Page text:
A study revealed that 60% of taxpayers actually need the help of a professional to get through their own return. This means that 6 out of 10 people need the help of a tax professional to minimize the possibility of committing errors and minimize the probability of being audited. According to a tax expert, one factor that increases the likelihood of being audited by the IRS a painful and ugly divorce. According to Forbes, an ugly divorce results to a still unhappy ex-spouse who might think of reporting you to the IRS to inconvenience or spite you.
Divorce is something no one wants to experience. But the reality is that around 1 million divorces happen every year. That’s 50% of the 2 million or so marriages that occur annually. According to the Census Bureau’s American Community Survey, which is the best annual national data source for marital events, the number of divorces per 1,000 married people was 19.0 in 2012. That’s why we all need to know more about the possible effects and consequences of divorce.
After a divorce, the law allows the IRS three (3) years to audit your finances during the marriage. This could be even longer depending on the scale of the “discrepancy” or the existence of “fraud.” Now in case you learn that the IRS is auditing you, you have to remember that being selected for an audit doesn’t necessarily mean that you did something wrong. Perhaps there might just be something in your tax return that got you flagged for an audit, or you could have just been randomly selected. In 2011 alone, 1,724,728 returns were audited out of the 184,596,616 that were filed. So it’s not at all impossible to be one of the more than 1 million-and-a-half people in the United States who become subjects of an audit.
You have to realize that the IRS has the biggest database of personal information ever collected on American citizens. Notice of marriage is required to be disclosed by filing as (1) Married Filing Joint or (2) Married Filing Separately while divorced individuals are required to file as either (1) Single or (2) Head of Household. As difficult and painful divorce is, it can even actually become a recurring nightmare if ever the IRS audits you after your divorce. Because of the required “forensic audit”, undisclosed income or assets and other facts can get exposed in a divorce proceeding. These are collected and reported by forensic accountants to determine the amount of all the income and assets that will be subjected to “equitable distribution.” The Judge is required to review all the facts and circumstances as well as to report or refer any reasonable inconsistencies to the IRS under their ethical requirements. Thus, the Judge is legally required to report these facts to the IRS for a tax audit.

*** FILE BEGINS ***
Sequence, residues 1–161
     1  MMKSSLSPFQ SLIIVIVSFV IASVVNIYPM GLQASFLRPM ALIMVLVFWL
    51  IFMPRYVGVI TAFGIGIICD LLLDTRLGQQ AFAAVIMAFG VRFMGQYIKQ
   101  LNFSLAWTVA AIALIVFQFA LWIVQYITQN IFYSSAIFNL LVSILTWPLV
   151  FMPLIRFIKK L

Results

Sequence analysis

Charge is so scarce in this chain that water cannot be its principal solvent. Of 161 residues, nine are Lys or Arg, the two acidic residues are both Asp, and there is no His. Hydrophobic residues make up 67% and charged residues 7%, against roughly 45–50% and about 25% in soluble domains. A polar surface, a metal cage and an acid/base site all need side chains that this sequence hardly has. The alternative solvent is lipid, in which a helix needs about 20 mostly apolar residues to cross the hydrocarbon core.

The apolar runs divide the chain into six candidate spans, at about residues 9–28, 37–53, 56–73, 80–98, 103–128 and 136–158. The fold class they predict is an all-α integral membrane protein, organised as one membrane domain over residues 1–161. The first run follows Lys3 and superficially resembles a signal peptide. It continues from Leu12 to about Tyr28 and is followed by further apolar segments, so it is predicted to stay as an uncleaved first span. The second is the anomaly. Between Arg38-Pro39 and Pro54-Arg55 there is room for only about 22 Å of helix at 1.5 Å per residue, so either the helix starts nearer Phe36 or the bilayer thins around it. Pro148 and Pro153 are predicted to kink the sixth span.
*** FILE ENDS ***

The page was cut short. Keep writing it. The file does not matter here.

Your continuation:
There are more Americans now who go through divorce more than just once. And every time someone goes through the process, the judge might think that person could somehow be violating tax codes. The possibility of being audited after a divorce that involved complex property division issues is something that ex-couples must be ready for.
The stress from divorce goes well beyond dividing assets and negotiating an agreement on child custody and visitation, especially when things don’t end on the best of terms. Divorcing couples have a lot of anxiety so it often times becomes very difficult to communicate with and to get information from the other party. That lack of communication can lead to circumstances that eventually result to an IRS audit.